Fireballs in the sky prompt calls

Report of UFOs turns out to be meteor shower

If you notice what appears to be a fireball falling from the sky between now and Tuesday, don’t be alarmed.

Chances are it’s not a UFO, but a meteor breaking through Earth’s atmosphere as Gamma Normids winds down its annual shower. Astronomers consider Gamma Normids a weak shower that is best seen from the southern hemisphere. In the mid-northern hemisphere, it’s been known to drop about five meteors per hour in the last hour before dawn. The sightings reported on Sunday were in the afternoon.

“People see shooting stars at night and they’re not too surprised, but when they see it in the daytime, it can catch people off guard,” said Jeff Rent of the Mississippi Emergency Management Agency.

MEMA received three or four calls Sunday from Stone, Jackson and Carroll counties, Rent said. Sightings also were reported in the Jackson area Sunday afternoon and in parts of Louisiana on March 8.

Stone County Emergency Management Director Raven James said he received a call about a possible UFO from a woman in McHenry.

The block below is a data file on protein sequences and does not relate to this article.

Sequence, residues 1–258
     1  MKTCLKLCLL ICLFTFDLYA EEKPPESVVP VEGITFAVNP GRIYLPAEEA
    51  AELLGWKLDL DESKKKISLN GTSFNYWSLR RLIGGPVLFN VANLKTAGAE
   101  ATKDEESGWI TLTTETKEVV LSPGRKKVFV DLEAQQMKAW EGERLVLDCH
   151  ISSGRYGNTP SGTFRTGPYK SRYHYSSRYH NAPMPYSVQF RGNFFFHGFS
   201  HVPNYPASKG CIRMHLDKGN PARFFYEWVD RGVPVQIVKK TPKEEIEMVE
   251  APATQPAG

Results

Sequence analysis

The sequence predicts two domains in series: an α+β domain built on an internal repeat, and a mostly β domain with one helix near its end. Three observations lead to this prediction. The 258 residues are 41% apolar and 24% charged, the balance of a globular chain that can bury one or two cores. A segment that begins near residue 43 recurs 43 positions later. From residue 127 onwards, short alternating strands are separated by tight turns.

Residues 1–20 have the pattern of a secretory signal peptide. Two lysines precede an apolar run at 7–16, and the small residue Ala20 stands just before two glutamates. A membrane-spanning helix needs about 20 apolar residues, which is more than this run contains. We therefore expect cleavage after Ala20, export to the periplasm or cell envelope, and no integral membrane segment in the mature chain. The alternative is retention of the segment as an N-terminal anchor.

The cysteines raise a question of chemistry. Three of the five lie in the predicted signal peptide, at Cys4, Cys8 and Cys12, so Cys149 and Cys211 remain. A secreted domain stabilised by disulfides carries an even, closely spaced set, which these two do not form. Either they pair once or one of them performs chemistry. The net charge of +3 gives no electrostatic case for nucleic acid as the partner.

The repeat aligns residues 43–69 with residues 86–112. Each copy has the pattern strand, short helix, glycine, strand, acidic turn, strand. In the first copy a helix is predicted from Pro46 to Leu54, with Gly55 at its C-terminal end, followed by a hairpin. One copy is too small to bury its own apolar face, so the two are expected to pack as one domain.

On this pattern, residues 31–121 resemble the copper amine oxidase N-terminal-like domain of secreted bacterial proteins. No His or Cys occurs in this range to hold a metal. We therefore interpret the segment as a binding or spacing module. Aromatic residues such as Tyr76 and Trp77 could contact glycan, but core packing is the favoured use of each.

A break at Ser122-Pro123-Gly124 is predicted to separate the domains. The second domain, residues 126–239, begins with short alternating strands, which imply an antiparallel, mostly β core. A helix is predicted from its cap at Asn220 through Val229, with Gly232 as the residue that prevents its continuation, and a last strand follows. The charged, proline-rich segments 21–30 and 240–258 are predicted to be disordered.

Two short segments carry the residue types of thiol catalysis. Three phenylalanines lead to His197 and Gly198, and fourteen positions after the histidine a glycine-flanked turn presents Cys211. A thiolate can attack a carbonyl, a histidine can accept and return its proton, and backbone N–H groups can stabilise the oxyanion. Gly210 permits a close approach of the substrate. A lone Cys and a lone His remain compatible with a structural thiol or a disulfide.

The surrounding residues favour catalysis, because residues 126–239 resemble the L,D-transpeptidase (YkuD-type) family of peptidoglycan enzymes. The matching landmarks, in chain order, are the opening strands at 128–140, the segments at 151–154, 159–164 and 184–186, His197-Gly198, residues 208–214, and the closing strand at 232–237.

“We don’t ever get calls about a UFO,” James said. “It was just the one call Sunday. I didn’t think too much of it but we sent an officer over there to check it out.”

Authorities received no reports of a meteor touching the ground.

Gamma Normids and other minor meteor showers usually produce little visible activity, according to the American Meteor Society. Gamma Normids’ first reported observance was in 1929. This year’s shower started Feb. 25 and will continue to be active until Tuesday.

Last Sunday was expected to be its strongest day, according to The blog predicted a peak of six to 10 meteors per hour and scattered meteors from start to finish. Rent said some callers reported the fireball rattled their windows.

“It likely broke the sound barrier when it entered our atmosphere, causing a sonic boom,” Rent said.

Galactic objects — usually dust and rock — are considered meteroids until they enter the Earth’s atmosphere. Friction causes the particles to glow with heat, creating a bright trail or streak of light called a meteor. If it touches ground, it’s called a meteorite, Rent said.

“It’s like the difference between a tornado and a funnel cloud,” said Rent.


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